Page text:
Wednesday, October 26, 2022

Top NYC prep schools with annual fees of $60,000 force PARENTS to take woke 'anti-racism' workshops run by groups that have called property taxes, the NFL and the Nobel Prize 'racist'

Several New York City private schools are pushing diversity, equity and inclusion values, with one school saying it 'expects' both students and parents to participate in 'anti-racist training.'

The Brearley School, with a tuition of $58,800, released its 'Commitment to the Brearley Community' to students and parents, which includes its 'anti-racist statement.'

'We expect teachers, staff members, students and parents to participate in anti-racist training and to pursue meaningful change through deliberate and measurable actions,' the document reads. 'These actions include identifying and eliminating policies, practices and beliefs that uphold racial inequality in our community.'

'Parents are subsequently urged to discuss with your children Brearley's mission, diversity, equity and inclusion, and anti-racist statements in the student handbooks, and establishing your family's responsibility to uphold these values.'

Other schools, like The Spence School, with a tuition of $60,880, have invited parents to partake in DEI (diversity, equity and inclusion) workshops led by a consulting firm that previously called property taxes racist.

The Pacific Educational Group, a San Francisco-based DEI consulting firm, has argued that 'systemic racism' is 'deeply embedded in the fabric of this nation.' 'To become truly anti-racist, it takes abandoning all sense of ego and comfort,' one tweet reads.

'The opportunity to participate in the DEI program offered by PEG is strictly voluntary for parents. These programs do not involve students,' a spokesperson for Spence told the New York Post.

Through a series of tweets, the firm has said it believes 'racism in the NFL is far from surprising news' and awards like the Nobel Prize 'often come with the baggage of a racist history.'

The Chapin School, located in Manhattan's Upper East Side, held another workshop to discuss the school's 'ongoing commitment to equity & inclusion, including our newest community-wide initiatives.'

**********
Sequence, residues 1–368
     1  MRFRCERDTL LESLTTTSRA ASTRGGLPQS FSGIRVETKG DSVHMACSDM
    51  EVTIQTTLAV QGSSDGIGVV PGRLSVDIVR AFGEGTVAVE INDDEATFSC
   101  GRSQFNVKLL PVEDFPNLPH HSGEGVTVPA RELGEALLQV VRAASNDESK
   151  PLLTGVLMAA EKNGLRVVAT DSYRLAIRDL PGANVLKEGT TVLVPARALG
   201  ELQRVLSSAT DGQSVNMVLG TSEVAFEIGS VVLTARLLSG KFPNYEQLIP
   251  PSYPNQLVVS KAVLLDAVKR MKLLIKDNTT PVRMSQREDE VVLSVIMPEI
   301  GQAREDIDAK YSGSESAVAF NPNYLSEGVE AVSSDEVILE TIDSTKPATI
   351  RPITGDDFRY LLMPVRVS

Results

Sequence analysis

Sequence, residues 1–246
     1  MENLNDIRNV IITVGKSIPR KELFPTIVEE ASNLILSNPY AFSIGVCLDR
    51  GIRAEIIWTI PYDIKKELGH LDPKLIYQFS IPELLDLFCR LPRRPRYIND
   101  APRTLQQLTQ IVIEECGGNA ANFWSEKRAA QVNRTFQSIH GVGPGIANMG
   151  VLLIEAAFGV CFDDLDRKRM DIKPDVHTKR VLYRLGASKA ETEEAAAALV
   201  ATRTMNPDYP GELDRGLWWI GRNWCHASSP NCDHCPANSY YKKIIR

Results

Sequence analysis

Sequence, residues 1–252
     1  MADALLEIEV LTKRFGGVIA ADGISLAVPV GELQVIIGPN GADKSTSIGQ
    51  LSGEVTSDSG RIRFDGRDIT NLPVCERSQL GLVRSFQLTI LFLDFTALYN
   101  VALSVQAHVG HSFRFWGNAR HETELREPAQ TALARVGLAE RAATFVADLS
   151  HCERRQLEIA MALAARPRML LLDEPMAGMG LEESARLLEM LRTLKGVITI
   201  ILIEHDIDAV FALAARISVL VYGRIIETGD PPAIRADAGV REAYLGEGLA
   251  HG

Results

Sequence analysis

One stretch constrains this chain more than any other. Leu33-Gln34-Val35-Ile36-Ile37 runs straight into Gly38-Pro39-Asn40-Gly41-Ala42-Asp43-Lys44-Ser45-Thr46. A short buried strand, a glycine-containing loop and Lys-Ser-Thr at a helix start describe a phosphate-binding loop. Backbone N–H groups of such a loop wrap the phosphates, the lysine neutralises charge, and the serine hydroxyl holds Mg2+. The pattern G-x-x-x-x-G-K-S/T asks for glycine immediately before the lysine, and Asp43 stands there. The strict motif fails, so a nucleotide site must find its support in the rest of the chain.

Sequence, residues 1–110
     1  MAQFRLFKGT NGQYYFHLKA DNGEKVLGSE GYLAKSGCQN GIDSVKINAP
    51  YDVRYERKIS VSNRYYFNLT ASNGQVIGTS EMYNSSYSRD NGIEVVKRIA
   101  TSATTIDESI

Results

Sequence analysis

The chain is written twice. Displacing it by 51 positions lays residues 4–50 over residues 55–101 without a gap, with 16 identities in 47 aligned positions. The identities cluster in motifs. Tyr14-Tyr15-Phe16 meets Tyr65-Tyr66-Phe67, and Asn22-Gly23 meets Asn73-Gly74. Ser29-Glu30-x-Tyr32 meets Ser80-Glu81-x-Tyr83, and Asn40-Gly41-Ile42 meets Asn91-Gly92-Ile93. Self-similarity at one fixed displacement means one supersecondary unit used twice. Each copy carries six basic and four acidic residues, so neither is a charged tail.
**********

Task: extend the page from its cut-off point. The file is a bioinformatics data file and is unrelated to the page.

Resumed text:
It was advertised as optional, though one mother told the post that 'they take attendance, they have name tags, there is someone from the admissions office to keep track of who goes and who doesn't.' 'If you don't go, your child is not going to go very far in the admission process,' she said.

One other school, Grace Church High School, required students to sign pledge in 2020 to fight against 'racial propaganda' and 'interrupt biases'

Bronx-based Horace Mann School lauded the author of 'White Fragility,' a book that suggests all white people are racist, in a presentation by Ronald Taylor, the school's former associate director of the office for identity, culture and institutional equity.

'How can we take (Robin) DiAngelo's message and make it applicable to all communities in the (Horace Mann) community,' he asked.

'I don't want to be in necessarily white spaces, because when black children were put into those spaces their support and caregivers were taken away and they were put into racially hostile environments.'

A school spokesperson said the presentation by Taylor 'was designed to educate parents about what they were hearing not only in the news at the time but from their children.

'It was completely voluntary and if a parent rejected this instruction or the content, their children would be welcome at Horace Mann.'


UK: Christian school teacher vows to fight on despite losing High Court bid to overturn dismissal and lifetime classroom ban for refusing to use eight-year-old trans pupil’s preferred pronouns

A primary school teacher who was sacked after refusing to call an eight-year-old transgender pupil by a boy’s name has vowed to fight on against ‘injustice’ in classrooms.

She was yesterday refused permission for a judicial review over safeguarding concerns at her former school.

However, the Christian woman pledged to continue raising awareness of the ‘danger’ around damaging ‘trans affirming policies’, which she claims puts children ‘at serious risk’.

The woman, known by the pseudonym Hannah to avoid identifying the child involved, claimed the result is ‘not the end’ of her case.

Despite losing her landmark legal challenge, she is internally appealing against her school’s decision to dismiss her after she argued its transgender stance could harm youngsters.

If this is rejected, a full employment tribunal will commence.

Speaking after her application for a judicial review was refused by a High Court judge, Hannah said: ‘Injustice has not been done against me but against all the children in our schools.

‘How else am I meant to raise the danger of the trans affirming policies in our schools which are doing such damage?’